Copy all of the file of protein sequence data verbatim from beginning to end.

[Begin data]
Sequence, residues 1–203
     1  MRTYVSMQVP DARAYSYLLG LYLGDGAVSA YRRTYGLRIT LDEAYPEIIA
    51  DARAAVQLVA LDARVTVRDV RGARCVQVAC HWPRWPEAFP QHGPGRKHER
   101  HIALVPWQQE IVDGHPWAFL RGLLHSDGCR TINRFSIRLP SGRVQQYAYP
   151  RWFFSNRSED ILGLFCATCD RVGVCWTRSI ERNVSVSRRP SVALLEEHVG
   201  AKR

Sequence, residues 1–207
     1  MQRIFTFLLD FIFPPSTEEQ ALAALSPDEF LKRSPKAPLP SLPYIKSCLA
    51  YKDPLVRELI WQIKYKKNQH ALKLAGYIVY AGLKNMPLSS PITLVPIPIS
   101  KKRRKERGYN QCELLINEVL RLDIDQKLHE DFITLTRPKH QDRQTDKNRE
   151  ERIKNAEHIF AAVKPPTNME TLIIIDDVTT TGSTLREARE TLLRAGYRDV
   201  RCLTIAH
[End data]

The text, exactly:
Sequence, residues 1–203
     1  MRTYVSMQVP DARAYSYLLG LYLGDGAVSA YRRTYGLRIT LDEAYPEIIA
    51  DARAAVQLVA LDARVTVRDV RGARCVQVAC HWPRWPEAFP QHGPGRKHER
   101  HIALVPWQQE IVDGHPWAFL RGLLHSDGCR TINRFSIRLP SGRVQQYAYP
   151  RWFFSNRSED ILGLFCATCD RVGVCWTRSI ERNVSVSRRP SVALLEEHVG
   201  AKR

Sequence, residues 1–207
     1  MQRIFTFLLD FIFPPSTEEQ ALAALSPDEF LKRSPKAPLP SLPYIKSCLA
    51  YKDPLVRELI WQIKYKKNQH ALKLAGYIVY AGLKNMPLSS PITLVPIPIS
   101  KKRRKERGYN QCELLINEVL RLDIDQKLHE DFITLTRPKH QDRQTDKNRE
   151  ERIKNAEHIF AAVKPPTNME TLIIIDDVTT TGSTLREARE TLLRAGYRDV
   201  RCLTIAH